It’s a little late for gift-giving, I admit, but here are three very interesting books about investing that aren’t going to get into my blog, Economic Principals, unless I write about them now. Two of them are already classics. The third seems destined to achieve that status. As to the various joys of spending money, it is hard to beat the Weekend edition of the Financial Times. But EP remains interested in what others have to say about the deep pleasures of making money.
Your Money and Your Life: A Lifetime Approach to Money Management, by Robert Z. Aliber. I am a great fan of the walk-around-the-pond-with-a-companionable-friend format. This new version of a 1982 book began when the benefits office at the University of Chicago asked Aliber to speak to retiring faculty about financial planning. He discovered many of them (at least those not involved in serial marriages) were millionaires, the result of generous pensions, rising real estate prices and the bull market in stocks. “After my presentation, I would get calls – let’s have lunch.” This book collects a couple of dozen such conversations and organizes them under three headings: decisions involving expenditure, investment and financial planning. Wondering whether to buy a new car or one that has been slightly used? To prefer public to private education? To rent or buy? To load up on insurance? To annuitize or not? Curious about how to construct a bond ladder? Anxious about senior health care? Aliber is full of wisdom on all these counts and more. Retired now after 39 years as a professor at Chicago’s Booth School of Business, he is author of The International Money Game, as well as the inheritor who has turned Charles P. Kindleberger’s classic Manias, Panics and Crashes: A History of Financial Crises into an ongoing text.
A Random Walk Down Wall Street: The Time-Tested Strategy for Successful Investing, by Burton G. Malkiel. It was Princeton University professor Malkiel who pioneered the reader-friendly walk format, starting in 1973. Then the idea that markets were so quick to incorporate the latest information in prices that there could be no exploitable trading strategy was new. This ”efficient-markets hypothesis (EMH)” led directly to the proposition that you would do better buying and holding a basket of stocks representing the market as a whole than by investing in professionally-managed mutual funds was startling. The first index fund had yet to appear. Nearly forty years later, the basic insight seems pretty clear: most individual investors do better buying a piece of the overall market than by trying to outsmart it. In the opening pages of this tenth edition (now so thoroughly revised as to include a history of bubbles, a review of new investment technologies, and a guide to all kinds of investments and tax strategies), Malkiel lets the numbers make his case. If you had put $10,000 into an S&P-500 Index fund in 1969 and reinvested dividends you would have a portfolio worth $463,000 today, as opposed to the $258,000 return from an average actively-managed mutual fund. Even in the last ten years you would have done well if you had followed Malkiel’s injunction to regularly rebalance your portfolio. His suggested index fund portfolio for “aging baby boomers” (containing bonds, US stocks and those of various other nations, and shares of real estate investment trusts) doubled during the years 2000-2010, while an index of US stocks alone actually lost a little value.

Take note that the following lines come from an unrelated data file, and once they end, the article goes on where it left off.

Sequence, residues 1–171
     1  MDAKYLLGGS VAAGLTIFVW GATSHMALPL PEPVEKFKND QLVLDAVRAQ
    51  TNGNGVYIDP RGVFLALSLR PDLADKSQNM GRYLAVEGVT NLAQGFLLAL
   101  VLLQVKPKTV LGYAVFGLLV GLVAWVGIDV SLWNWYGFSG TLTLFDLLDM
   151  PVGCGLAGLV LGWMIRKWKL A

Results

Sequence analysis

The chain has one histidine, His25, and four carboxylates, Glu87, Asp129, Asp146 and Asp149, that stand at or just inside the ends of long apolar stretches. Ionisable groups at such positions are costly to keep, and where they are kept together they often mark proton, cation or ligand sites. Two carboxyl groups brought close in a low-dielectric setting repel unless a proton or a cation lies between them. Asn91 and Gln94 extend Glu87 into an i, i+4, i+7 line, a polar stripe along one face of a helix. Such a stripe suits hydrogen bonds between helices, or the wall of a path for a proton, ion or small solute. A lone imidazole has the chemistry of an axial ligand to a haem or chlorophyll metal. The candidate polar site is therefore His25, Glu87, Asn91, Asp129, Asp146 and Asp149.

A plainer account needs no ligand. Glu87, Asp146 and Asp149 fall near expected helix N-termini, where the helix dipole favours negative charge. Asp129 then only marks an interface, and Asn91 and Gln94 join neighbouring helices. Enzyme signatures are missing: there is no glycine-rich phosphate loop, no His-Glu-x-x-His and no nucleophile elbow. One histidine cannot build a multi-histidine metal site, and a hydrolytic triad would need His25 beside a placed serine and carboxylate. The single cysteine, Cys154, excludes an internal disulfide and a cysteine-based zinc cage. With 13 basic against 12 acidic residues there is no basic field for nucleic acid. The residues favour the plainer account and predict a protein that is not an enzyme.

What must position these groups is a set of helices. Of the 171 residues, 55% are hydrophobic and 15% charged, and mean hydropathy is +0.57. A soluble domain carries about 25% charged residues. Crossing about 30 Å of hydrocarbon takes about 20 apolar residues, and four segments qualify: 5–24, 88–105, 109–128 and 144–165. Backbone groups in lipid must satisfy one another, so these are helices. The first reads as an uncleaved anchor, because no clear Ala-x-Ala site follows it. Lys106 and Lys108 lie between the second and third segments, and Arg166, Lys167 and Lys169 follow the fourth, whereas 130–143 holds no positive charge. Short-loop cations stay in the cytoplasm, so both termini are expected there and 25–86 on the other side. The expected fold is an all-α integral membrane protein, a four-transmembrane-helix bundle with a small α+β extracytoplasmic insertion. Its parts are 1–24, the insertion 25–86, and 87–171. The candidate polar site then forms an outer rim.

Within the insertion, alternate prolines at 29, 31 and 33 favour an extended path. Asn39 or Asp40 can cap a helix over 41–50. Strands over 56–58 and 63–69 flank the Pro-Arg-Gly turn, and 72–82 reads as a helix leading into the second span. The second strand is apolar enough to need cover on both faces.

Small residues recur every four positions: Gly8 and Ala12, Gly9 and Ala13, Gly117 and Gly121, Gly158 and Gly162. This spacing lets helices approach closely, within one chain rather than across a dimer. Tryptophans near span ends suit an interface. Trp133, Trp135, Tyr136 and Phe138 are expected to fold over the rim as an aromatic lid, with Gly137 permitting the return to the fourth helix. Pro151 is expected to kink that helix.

The Evolution of Technical Analysis: Financial Prediction from Babylonian Tablets to Bloomberg Terminals, by Andrew W. Lo and Jasmine Hasanhodzic. The search for patterns in market trading turns out to be one of the truly durable passions of humankind. Andrew Lo, a distinguished finance professor at the Massachusetts Institute of Technology, and Hasanhodzic, an MIT PHD in Electrical Engineering and Computer Science who builds quantitative investment strategies for Alpha Simplex Group, apparently had some time on their hands, because Evolution of Technical Analysis is a light-hearted yet thorough and penetrating tour of quantitative analysis of markets from Mesopotamian times to the high-tech present. Technical analysis – attempts to predict future prices by looking for patterns in the past – has a bad reputation in modern economics, they note; many of its terms seem abstruse or outmoded: “it is easy to see how a discipline that involves eye-balling charts for patterns with names like ‘head and shoulders’ and ‘cup with a handle’ might seem at first blush more akin to astrology than science,” they write. (Fundamental analysis, the alternative to technical analysis among investors, fares better in popular opinion because its reasoning is essentially economic.) In fact, insights into human psychology have remained much the same from ancient Athens to Charles Dow, founder of Dow Jones, to today’s “quants,” who search for bargains in the form of various cognitive biases (overconfidence, overreaction, loss aversion, and herding, to name the most widely known). High-speed traders can accentuate the wizards’ edge. Malkiel’s obituary for technical analysis – “under scientific scrutiny, chart-reading must share a pedestal with alchemy” – was premature, they say. “As long as humans, not robots, make markets, bubbles and crashes will be a reality.” And behavioral economics – the logical extension of technical analysis – offers some hope of damping the swings.